The easiest way to know that your postage is all taking care of and that your mail is good to go is to bring it down to your local post office and double confirm it with someone that works there.

They’ll be able to take one glance at your envelope, heft to it in their hands, and know almost immediately (thanks to their experience) whether or not that single first-class stamp is going to cover things.

Sometimes it will. Sometimes, though, it won’t – but you’ll be in exactly the right place to purchase that extra postage and have it sent off ASAP.

It really doesn’t get much better than that!

virtual mailbox on desktop

Manage Mail Better with a US Global Mail Account

While the USPS does a fantastic job of helping people with all their mailing needs, there are a lot of alternative services that provide more modern mail solutions – including those at US Global Mail.

One of the preeminent virtual mailbox services on the planet, US Global Mail is very much a modern mailing services from top to bottom.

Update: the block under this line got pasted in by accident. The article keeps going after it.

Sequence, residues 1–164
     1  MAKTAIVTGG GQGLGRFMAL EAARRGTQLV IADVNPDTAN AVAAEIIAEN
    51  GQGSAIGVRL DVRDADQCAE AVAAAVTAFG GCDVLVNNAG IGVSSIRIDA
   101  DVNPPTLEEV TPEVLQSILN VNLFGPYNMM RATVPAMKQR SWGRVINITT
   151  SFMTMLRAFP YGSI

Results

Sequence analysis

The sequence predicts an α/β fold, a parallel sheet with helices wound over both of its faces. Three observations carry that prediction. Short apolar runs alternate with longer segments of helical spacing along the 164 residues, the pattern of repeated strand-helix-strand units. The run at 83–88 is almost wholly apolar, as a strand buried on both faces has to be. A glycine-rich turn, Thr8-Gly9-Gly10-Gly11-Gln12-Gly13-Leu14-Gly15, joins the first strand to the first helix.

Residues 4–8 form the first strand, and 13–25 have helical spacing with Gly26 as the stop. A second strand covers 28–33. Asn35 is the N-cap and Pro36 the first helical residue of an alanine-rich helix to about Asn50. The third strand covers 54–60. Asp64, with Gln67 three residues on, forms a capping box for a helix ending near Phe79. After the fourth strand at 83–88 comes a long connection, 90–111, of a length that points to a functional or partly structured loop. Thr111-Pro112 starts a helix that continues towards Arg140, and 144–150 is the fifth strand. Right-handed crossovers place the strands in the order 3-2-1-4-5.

You’ll be able to take advantage of services and solutions provided by US Global Mail not available with the USPS, and some of them not available anywhere else.

We are talking about full digitization of every piece of mail you have sent to your physical US Global Mail address (no PO boxes here), real-time mail alerts so that you know exactly what has arrived – and what hasn’t, and a whole host of other solutions that make this a very attractive option.

If you’d like to learn more about this modern mailbox service and how it can help you streamline your day-to-day mail needs, check out everything they have to offer on the US Global Mail website.

Don’t be shy about reaching out to them for interest any of your questions you might have or help setting up a new account, either.